In many ways, 2015 might’ve seemed to solidify Pixar’s place as the kings of animation. Inside Out, its first feature based on a new property since 2012’s Brave, made $850 million worldwide and won the Academy Award for Best Animated Picture, plus tallied a nod for Best Original Screenplay. With a Rotten Tomatoes rating of 98 percent, Inside Out received nearly universal praise from critics, many of whom argued that it should’ve been nominated for Best Picture as well. That success helpfully diverted attention away from the studio’s ill-fated second release of 2015, The Good Dinosaur, seemingly keeping Pixar atop the animation-outfit pecking order.
But as we’ve been reminded over the last two weeks, the battle for supremacy in the world of feature animation is more crowded than most people realize. Walt Disney Animation Studios’ Zootopia made a strong $73.7 million opening domestically, the second-highest bow of 2016 so far, and another $50 million on its second weekend, topping the box office again—as of March 15, it has made a formidable $475 million worldwide. Meanwhile, its Tomatometer of 99 percent and “A” CinemaScore both put it firmly in the realm of Inside Out.
And Zootopia is only the tip of the iceberg. When you look back at the last five years, it turns out that two other studios are challenging Pixar for its place as the gold standard of animated filmmaking, both commercially and artistically—and beyond them, various smaller outfits have been responsible for one, or a few, hits, including companies like Illumination Entertainment, which made the billion-dollar-grossing Minions in tandem with Universal, and Nickelodeon, which produced The SpongeBob Movie with Paramount. Blue Sky Studios makes films with Fox, including the Ice Age and Rio series and last year’s Peanuts Movie; Bagdasarian Productions has the Alvin and the Chipmunks franchise with Fox as well. And Sony is becoming a strong player, with recent hits like the Hotel Transylvania and Smurfs series.
But the three dominant forces, by far, are Pixar, Walt Disney, and DreamWorks. The latter studio is the most prolific. From 2006 through 2015, they released 20 films, many either establishing or prolonging multiple huge franchises: Madagascar, How to Train Your Dragon, Shrek, Kung Fu Panda. The staying power of those titles hints at how long DreamWorks has been in the game—it might make you feel old, sad, or confused to realize that next month is the 15th anniversary of Shrek—and the name-brand recognition of its catalogue is impressive.
Walt Disney isn’t nearly as productive as DreamWorks, with only eight films in that same span, but they’re on a wild hot streak. Zootopia comes on the heels of Big Hero 6, which made just over $650 million worldwide, and Frozen, which topped $1.25 billion. The film before that, Wreck-It Ralph, didn’t do quite the same numbers, with $471 million worldwide, but it received terrific reviews and marked the beginning of Disney’s return to the animation mountaintop.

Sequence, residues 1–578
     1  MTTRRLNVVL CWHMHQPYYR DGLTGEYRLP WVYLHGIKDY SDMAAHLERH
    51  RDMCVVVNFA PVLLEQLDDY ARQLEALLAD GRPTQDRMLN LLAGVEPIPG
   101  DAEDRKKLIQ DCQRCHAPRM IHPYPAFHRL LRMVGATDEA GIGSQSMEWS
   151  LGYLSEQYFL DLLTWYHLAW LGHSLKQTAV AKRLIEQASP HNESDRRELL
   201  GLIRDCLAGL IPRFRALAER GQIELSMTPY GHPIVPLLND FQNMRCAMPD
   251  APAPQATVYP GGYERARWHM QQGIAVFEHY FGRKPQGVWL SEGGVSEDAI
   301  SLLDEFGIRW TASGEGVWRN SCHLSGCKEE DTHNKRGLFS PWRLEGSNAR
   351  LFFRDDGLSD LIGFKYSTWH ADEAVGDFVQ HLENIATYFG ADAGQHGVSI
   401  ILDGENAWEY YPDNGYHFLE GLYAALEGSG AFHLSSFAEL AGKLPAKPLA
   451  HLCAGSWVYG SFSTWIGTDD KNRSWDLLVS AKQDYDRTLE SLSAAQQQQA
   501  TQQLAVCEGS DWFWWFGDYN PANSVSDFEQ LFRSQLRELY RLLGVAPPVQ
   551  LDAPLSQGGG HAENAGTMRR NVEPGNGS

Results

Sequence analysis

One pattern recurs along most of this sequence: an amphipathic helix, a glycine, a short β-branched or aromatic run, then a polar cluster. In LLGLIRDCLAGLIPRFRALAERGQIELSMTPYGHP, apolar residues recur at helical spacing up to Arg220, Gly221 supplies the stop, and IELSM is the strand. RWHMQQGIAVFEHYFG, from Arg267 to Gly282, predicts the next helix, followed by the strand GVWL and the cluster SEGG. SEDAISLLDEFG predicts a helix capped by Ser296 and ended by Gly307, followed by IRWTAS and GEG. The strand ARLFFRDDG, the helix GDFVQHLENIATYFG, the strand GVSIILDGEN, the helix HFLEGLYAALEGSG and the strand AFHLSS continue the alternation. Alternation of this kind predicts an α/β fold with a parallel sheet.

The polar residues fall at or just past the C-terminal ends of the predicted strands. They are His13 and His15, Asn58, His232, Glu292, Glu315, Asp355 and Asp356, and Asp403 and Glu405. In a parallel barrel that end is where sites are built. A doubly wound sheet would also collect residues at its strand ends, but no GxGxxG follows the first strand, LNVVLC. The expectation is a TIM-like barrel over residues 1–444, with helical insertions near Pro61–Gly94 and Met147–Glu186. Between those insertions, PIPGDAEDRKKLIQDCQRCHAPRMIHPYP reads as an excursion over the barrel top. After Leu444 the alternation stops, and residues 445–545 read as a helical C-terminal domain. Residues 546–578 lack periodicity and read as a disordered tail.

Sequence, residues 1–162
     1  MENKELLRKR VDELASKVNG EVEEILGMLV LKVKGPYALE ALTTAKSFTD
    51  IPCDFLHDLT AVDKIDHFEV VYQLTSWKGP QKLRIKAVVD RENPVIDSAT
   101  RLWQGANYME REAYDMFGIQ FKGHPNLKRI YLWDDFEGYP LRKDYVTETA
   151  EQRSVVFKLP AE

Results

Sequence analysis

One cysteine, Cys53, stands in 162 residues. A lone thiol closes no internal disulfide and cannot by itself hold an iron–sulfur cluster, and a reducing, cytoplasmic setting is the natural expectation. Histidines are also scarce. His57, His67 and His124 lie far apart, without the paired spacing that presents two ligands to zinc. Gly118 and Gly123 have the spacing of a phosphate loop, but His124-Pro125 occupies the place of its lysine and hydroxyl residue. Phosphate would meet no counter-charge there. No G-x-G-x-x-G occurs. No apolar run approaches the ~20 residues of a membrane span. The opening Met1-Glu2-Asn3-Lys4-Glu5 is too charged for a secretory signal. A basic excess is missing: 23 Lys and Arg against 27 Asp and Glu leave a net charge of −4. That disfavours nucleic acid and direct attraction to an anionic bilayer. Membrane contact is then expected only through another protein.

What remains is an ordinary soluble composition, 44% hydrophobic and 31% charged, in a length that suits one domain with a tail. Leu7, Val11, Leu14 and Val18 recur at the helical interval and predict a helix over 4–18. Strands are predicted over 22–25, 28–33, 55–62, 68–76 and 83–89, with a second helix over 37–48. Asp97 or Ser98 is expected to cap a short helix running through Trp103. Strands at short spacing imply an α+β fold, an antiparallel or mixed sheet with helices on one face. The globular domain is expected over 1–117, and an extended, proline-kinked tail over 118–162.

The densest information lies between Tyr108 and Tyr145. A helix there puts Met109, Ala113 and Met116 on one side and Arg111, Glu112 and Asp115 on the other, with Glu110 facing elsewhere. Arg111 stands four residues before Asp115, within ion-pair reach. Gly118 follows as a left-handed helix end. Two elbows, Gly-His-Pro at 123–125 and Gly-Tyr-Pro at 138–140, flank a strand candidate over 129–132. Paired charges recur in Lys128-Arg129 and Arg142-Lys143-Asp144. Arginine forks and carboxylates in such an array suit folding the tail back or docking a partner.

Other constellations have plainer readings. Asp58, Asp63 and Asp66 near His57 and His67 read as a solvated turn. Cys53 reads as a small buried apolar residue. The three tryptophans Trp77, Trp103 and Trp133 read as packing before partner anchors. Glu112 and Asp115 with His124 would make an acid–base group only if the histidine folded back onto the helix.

Over the ten-year period since 2006, Pixar—which, it should be noted, is also owned by the Walt Disney Company—has a huge edge in per-film box-office: Pixar’s worldwide average is $641 million per movie, an astonishing number, with an 83.2 percent mean Tomatometer. DreamWorks comes in at $479 million, though its 71.65 percent is the worst of the three. (With its considerably larger output, it does trump the other two studios in gross earnings.) Walt Disney trails slightly in receipts, with $472 million, but its 85.38 percent actually tops Pixar’s.
Walt Disney’s small advantage in critical reception is the first indication that Pixar might not be quite as all-powerful as you’d expect. The second is recent performance. If you shrink the window to five years, from 2011 through 2015, the results change considerably: Disney becomes the leader in terms of reviews, with an average rating of 88.5 percent, and box-office performance, at a $609 million average worldwide. Pixar is nearly there commercially, with $602 million, but isolated to the last half-decade, its oeuvre looks far less impressive: aside from Inside Out, there’s just Cars 2, Brave, Monsters University, and The Good Dinosaur. DreamWorks is in a clear third, with 74.4 percent and $480 million, but it has put out ten movies in that frame, compared with Pixar’s five and Disney’s four.
Those numbers also don’t include Zootopia’s reviews or receipts, which are only just beginning to come in (and will eventually boost both the five-year and ten-year box office and critical numbers for Walt Disney), though, to be fair, they also don’t factor in the same from Kung Fu Panda 3, a well-reviewed and widely seen DreamWorks picture released in late January that will up that studio’s averages. Nor are they anything approaching the last word: a Rotten Tomatoes composite of positive and negative reviews hardly does justice to a work of art as complex and intelligent as Inside Out or as lovable as Big Hero 6, and it certainly doesn’t quantify the number of parents who have listened to their children sing along to Frozen, over and over and over and over.
But they do suggest that Disney has emerged as a worthy competitor for Pixar, with both studios making movies both impressive and impressively profitable. Pixar will have to get used to a new reality: Though they’ve spent much of the past two decades as the computer-generated face of feature animation, the picture’s getting much more crowded